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10 Things Every Teacher Should Know About the KS1 Grammar, Punctuation and Spelling Test

Don’t get caught out by the KS1 grammar, punctuation and spelling test. Here are 10 things every teacher should know...

  • 10 Things Every Teacher Should Know About the KS1 Grammar, Punctuation and Spelling Test
  • 10 Things Every Teacher Should Know About the KS1 Grammar, Punctuation and Spelling Test

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After all the discussion and debate surrounding the KS2 grammar, punctuation and spelling test, schools were set for the introduction of its KS1 counterpart – until, that is, it was discovered it had already been introduced, appearing online as a sample paper. Oops.

Despite the error, which led to the paper being withdrawn, some schools decided to take the test anyway as their pupils had prepared for it; others saw this as a golden opportunity to enjoy the rest of the term and do something else.

At the time of writing, however, the KS1 grammar test is still set to go ahead next year, and the content remains unfamiliar territory, even for experienced teachers. It contains two papers: a spelling test with words placed within contextualised sentences; and a grammar, punctuation and vocabulary test that has a series of questions for pupils to answer. So, for anyone feeling at all uncertain about either of these aspects, here’s a closer look at what your pupils are expected to know and understand by the end of KS1.

1. Spelling and grammar are key

The Paper 1 spelling test – which has 20 words in contextualised sentences – is worth 50 per cent of the overall marks; the Paper 2 grammar test carries between 25 per cent to 38 per cent of the marks. Many teachers were surprised by the increased focus on spellings. From my own deep analysis of the sample spelling paper, 50 per cent of the spelling questions cover content from Year 1, and 50 per cent focus on content from Year 2.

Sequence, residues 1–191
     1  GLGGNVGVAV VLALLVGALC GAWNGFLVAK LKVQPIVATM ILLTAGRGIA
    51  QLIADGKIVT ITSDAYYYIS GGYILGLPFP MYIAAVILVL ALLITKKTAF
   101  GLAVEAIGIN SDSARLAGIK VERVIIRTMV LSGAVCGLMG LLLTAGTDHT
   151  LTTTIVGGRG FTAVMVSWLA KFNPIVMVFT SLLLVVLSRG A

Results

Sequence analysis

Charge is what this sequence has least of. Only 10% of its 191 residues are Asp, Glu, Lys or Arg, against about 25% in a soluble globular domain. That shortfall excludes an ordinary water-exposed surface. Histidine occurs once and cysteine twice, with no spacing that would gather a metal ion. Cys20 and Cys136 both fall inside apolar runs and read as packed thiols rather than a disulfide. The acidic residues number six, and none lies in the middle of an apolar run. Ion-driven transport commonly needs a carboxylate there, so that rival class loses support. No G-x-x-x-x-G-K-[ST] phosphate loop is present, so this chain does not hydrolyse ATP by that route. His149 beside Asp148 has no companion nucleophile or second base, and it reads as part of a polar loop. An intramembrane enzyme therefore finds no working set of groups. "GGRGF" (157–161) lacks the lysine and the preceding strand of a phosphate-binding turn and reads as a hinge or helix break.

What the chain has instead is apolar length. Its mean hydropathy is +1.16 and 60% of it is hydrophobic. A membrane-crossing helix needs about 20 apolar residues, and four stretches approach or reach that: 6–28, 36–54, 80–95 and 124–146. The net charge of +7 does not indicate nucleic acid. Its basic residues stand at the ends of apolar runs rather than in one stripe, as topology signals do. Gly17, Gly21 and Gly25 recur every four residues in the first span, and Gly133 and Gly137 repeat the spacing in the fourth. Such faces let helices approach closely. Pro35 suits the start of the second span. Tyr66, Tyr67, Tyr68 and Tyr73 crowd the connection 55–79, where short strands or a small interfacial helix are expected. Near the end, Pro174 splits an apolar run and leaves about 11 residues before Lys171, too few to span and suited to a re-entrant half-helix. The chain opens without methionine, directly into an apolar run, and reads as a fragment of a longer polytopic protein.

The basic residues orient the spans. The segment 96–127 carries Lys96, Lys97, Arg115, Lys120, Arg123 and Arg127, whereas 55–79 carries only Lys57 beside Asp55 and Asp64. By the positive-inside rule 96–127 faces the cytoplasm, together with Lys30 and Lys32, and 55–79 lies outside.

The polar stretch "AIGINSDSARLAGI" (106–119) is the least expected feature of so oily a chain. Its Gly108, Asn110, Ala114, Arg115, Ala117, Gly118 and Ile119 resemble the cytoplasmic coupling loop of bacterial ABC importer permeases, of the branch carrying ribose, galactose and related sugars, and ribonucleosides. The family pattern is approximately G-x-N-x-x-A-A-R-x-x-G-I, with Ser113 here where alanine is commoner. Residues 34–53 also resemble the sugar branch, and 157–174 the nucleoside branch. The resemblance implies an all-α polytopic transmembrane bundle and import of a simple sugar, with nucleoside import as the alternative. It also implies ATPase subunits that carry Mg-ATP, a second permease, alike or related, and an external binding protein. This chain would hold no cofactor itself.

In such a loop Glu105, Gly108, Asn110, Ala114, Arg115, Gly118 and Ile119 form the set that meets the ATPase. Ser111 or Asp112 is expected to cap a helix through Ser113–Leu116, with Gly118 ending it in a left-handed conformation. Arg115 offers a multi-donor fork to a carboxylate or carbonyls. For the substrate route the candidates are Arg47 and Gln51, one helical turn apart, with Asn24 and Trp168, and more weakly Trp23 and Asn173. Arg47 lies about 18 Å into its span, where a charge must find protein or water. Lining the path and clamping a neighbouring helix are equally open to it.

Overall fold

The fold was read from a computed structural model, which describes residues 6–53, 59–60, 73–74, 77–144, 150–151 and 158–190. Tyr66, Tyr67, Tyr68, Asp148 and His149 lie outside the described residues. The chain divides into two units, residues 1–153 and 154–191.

If your school is concentrating on teaching phonics in Year 1, it’s possible the spelling sections in the new curriculum will have been overlooked. But since these will be included in the test, it’s worth ensuring they are covered.

2. Teaching in context is essential

Words can mean different things depending on the context. It is no longer beneficial to have a list of words on display that are not contextualised, as this could be confusing for pupils. For example, in the following sentence (taken from the sample KS1 grammar paper), pupils are expected to identify the verbs:

‘Yesterday was the school sports day and Jo wore her new running shoes.’ (Answers in bold).

Clearly, quite a few pupils would circle ‘running’, but if they are aware that they need to look at how words are used in context, this might support their understanding. Luckily, there were no questions like this in the 2016 feature.

3. Year 1 and Year 2 content is covered in the test

The test will cover areas from both Year 1 and Year 2. From analysis of the Paper 2 2016 grammar test, 90 per cent of the questions are from Year 2, and 10 per cent are from Year 1. The weighting may change, but it demonstrates that putting all your efforts into Year 2 will not be enough.